Monday, May 25, 2020

"The Masque of the Red Death": Poe's story, and Vincent Price, all prescient of today's pandemic and the social inequities

The dagger dropped gleaming upon the sable carpet - Harry Clarke (BL 12703.i.43)

The Masque of the Red Death” was a famous short story by Edgar Allen Poe that we read in junior English.  While a plague ravages the peasants, a feudal noble sets up a scheme to trap the virus metaphored as a kind of ghost who may appear in each of seven different colored rooms.  In the end, the phantom is a shell and the disease enemy cannot be scene and the nobleman who hosted the event (Prospero) perishes, as he deserves.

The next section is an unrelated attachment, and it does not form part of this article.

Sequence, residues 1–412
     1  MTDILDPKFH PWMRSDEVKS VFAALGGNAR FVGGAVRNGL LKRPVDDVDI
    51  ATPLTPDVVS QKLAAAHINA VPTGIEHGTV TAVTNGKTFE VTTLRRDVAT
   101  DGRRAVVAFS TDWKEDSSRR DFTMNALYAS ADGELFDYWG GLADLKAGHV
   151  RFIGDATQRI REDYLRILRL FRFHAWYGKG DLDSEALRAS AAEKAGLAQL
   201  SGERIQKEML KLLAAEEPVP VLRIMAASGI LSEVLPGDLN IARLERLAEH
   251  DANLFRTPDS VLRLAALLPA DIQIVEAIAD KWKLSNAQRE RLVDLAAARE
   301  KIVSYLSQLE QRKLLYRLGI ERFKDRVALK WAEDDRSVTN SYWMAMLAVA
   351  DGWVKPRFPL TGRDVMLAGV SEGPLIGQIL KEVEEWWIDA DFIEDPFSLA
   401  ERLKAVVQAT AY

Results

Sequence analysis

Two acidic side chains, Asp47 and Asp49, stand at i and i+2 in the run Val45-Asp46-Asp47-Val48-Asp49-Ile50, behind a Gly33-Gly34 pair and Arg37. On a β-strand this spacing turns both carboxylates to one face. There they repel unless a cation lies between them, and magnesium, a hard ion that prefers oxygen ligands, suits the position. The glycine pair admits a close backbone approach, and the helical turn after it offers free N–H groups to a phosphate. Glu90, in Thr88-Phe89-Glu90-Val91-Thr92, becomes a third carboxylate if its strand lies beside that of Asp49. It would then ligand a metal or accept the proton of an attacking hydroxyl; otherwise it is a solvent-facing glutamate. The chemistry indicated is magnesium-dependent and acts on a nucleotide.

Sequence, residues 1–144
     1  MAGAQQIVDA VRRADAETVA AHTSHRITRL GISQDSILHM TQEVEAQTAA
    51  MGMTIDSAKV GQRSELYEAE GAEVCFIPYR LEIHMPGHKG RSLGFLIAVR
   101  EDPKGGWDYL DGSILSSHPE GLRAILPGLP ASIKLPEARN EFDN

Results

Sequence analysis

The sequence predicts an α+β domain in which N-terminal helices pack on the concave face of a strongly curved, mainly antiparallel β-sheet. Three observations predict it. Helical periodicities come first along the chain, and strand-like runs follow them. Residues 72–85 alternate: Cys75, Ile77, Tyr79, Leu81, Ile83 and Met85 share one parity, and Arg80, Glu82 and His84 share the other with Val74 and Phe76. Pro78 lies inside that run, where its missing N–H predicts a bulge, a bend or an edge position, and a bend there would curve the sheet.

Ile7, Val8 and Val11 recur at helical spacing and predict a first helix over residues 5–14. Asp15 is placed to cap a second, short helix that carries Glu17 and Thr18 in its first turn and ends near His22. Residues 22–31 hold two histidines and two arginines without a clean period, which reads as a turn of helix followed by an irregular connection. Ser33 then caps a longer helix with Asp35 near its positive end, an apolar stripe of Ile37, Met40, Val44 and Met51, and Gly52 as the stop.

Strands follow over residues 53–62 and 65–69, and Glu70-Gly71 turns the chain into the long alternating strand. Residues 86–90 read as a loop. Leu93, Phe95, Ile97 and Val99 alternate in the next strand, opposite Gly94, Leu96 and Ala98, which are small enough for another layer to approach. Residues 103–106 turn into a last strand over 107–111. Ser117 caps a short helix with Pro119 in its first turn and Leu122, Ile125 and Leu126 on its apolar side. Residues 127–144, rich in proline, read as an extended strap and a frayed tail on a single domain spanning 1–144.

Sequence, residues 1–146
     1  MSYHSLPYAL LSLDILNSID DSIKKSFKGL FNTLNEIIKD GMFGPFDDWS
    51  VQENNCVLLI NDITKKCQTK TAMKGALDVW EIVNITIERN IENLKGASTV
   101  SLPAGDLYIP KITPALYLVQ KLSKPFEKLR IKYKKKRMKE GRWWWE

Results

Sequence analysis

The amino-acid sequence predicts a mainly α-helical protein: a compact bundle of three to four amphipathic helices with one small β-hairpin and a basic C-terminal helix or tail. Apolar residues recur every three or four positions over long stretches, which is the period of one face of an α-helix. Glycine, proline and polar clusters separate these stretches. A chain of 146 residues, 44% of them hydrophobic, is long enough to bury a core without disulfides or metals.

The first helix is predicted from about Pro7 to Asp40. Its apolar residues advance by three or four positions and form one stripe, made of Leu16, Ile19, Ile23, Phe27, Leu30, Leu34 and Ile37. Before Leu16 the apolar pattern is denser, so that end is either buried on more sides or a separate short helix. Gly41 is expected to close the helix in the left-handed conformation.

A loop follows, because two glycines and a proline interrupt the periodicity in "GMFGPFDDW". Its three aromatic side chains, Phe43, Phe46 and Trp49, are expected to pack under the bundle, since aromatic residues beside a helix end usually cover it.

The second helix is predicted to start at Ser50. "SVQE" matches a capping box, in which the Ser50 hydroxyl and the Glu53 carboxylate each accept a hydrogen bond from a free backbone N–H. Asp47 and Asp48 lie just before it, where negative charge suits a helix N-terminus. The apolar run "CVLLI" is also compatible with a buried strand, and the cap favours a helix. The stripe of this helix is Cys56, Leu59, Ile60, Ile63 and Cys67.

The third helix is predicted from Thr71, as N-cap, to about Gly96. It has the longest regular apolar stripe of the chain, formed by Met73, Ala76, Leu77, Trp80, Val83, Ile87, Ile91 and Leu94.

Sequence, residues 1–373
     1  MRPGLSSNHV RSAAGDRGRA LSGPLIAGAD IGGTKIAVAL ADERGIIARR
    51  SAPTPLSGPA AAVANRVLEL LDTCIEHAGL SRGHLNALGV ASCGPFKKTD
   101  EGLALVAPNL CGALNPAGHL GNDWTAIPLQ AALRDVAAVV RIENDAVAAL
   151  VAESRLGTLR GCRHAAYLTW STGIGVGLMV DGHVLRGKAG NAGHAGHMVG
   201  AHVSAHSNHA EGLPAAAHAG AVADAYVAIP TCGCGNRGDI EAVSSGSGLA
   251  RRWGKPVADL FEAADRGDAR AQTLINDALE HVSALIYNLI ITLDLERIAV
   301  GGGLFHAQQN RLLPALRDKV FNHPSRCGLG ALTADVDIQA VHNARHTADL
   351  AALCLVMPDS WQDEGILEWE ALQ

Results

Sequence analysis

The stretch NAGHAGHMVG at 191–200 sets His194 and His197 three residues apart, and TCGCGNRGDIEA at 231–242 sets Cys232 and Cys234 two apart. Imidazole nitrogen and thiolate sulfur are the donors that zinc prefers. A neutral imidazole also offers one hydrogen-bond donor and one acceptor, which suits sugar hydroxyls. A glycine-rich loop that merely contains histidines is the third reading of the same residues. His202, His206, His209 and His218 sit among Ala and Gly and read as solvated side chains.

There have been two films, 1964 and 1989, but the first one is far better known. It was directed by Roger Corman and stars Vincent Price as the Prince Prospero, and released by American International (of course).

The movie is a bit more complicated than the story, with clothing colors mapped to room colors, and more involvement of “the proles”.

The title is ironic today because the emotionally charged “wearing a mask” issue for Covid-19, but in earlier times it was common, even at balls and parties, as disguise.

I think I saw this in black and white on a series called “Chiller” in the 1960s.

You can click on the drawing for the story for Wikipedia attribution (embedded, p.d.) 


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